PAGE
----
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CPT Special Forces Officer
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Ma'am,
I don't believe that there really is a set of rules that will ensure a successful marriage. I have been married for 35 years and neither my wife nor I came from particularly happy families. Nevertheless my parents were married for 35 years (separated by death) and her parents were married for 54 years (also separated by death). What has made all of these marriages "successful" at least from the point of longevity, is refusal to give up. I believe that many if not most young adults expect that the experience of marriage will not change over the course of time. Nothing could be further from the truth. I also personally believe that young people today (18 - 35 y/o) are at a significant disadvantage due to shortened attention spans. Every difficult thing I have successfully accomplished throughout my life was based upon dogged determination. I thought about quitting dental school everyday, but always put it off until tomorrow. This also applied to most Army schools (especially the "Q" Course), seminary training, and of course marriage. If marriage is not viewed as a lifetime commitment then it is just too easy to give up and move on. So I will simply use my father's phrase "stick-to-it-iveness" (i.e. the refusal to quit) is the major thing required for a long and and "successful" marriage. Of course there is always luck :-)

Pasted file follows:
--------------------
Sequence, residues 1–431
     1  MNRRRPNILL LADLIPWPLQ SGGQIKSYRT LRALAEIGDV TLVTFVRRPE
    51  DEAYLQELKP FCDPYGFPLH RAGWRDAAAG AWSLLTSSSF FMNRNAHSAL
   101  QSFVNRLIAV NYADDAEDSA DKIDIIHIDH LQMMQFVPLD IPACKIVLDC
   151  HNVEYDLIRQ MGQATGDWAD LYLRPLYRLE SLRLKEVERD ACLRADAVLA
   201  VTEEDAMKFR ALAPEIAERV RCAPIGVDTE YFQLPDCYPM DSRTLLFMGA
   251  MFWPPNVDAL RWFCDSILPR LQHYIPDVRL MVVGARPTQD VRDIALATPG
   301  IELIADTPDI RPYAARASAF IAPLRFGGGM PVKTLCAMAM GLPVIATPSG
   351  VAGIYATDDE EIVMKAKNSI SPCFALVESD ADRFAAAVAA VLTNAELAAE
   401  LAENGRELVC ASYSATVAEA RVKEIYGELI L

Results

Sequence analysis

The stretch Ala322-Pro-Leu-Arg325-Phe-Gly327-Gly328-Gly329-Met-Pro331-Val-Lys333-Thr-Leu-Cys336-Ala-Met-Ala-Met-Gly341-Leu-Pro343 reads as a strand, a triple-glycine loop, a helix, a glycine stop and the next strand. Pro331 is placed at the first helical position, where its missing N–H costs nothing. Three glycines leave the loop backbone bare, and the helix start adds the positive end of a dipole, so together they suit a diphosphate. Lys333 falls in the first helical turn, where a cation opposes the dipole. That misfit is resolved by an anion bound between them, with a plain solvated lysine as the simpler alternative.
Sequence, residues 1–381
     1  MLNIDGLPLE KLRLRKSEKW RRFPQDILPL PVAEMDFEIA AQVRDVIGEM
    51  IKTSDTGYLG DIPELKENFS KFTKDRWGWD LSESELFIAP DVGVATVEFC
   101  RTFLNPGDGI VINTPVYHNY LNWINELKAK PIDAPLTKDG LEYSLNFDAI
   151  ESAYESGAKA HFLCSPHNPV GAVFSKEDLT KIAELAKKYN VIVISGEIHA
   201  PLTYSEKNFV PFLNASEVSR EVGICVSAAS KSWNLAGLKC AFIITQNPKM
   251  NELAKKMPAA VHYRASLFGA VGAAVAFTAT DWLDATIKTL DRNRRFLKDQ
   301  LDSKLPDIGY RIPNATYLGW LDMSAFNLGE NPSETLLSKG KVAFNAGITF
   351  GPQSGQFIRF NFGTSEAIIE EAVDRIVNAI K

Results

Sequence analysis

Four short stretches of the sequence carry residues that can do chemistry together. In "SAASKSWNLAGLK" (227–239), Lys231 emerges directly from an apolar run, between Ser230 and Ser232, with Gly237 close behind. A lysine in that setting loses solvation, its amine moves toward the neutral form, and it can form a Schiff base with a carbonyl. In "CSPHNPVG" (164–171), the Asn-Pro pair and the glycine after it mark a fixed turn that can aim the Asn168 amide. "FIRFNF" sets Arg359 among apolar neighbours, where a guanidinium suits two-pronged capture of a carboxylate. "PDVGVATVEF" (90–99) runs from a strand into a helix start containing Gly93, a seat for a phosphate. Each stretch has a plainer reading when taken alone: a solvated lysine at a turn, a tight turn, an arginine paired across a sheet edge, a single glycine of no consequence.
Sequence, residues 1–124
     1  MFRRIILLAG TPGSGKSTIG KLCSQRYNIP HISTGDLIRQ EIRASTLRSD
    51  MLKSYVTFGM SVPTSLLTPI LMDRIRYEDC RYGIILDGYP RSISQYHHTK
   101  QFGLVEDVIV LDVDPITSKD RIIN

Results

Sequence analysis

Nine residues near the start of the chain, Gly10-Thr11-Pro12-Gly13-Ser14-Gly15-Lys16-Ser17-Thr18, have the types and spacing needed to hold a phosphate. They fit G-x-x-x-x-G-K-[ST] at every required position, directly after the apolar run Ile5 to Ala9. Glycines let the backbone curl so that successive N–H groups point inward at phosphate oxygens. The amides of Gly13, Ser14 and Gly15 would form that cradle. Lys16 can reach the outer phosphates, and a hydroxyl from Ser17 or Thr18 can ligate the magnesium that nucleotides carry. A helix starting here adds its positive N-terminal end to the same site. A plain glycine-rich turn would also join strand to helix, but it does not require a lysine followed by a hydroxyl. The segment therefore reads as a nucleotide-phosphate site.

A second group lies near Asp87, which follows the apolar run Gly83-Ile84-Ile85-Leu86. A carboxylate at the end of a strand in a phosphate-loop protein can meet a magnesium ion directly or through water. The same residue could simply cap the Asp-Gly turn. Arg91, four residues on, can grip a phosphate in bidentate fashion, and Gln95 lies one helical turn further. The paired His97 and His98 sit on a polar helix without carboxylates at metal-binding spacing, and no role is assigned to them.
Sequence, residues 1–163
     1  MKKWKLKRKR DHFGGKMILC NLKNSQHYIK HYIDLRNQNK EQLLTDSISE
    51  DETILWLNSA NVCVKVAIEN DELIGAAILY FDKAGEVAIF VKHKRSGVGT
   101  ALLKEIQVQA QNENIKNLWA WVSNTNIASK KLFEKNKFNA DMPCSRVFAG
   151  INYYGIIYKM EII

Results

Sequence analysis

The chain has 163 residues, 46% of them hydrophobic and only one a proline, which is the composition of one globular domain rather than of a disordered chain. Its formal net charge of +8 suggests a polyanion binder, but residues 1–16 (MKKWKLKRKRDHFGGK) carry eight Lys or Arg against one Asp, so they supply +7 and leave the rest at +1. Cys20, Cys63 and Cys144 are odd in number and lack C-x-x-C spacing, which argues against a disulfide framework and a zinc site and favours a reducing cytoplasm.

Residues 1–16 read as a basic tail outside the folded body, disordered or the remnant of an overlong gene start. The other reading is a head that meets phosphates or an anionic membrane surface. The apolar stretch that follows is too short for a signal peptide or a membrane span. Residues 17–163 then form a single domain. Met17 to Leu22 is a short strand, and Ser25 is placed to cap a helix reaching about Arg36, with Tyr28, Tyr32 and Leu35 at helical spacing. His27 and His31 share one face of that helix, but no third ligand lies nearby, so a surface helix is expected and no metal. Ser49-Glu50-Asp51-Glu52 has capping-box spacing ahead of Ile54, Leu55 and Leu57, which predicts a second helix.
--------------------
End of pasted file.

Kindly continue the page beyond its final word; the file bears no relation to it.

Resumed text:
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SSgt Owner/Operator
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We set rules for fighting. What is considered below the belt (never hit below the belt), how to apologize after, how to talk through what set it off. One of our rules was never go to bed mad. So, early on in our marriage we greeted plenty of sunrises together.

30+ years later our fights, when they happen, last less than 5 minutes and is usually triggered by outside stressors that something one of us did finally trips the scale.

Date nights! Being married is no excuse to no longer court your spouse!

The 5 Love Languages. Get the book. Read it *for yourself*!!! Learn to speak in a language your spouse speaks. (Quality Time? Acts of Service? Gifts? Touch? Words of Affirmation?)
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Cohen Veterans Network
Cohen Veterans Network
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All excellent tips! Thanks for sharing!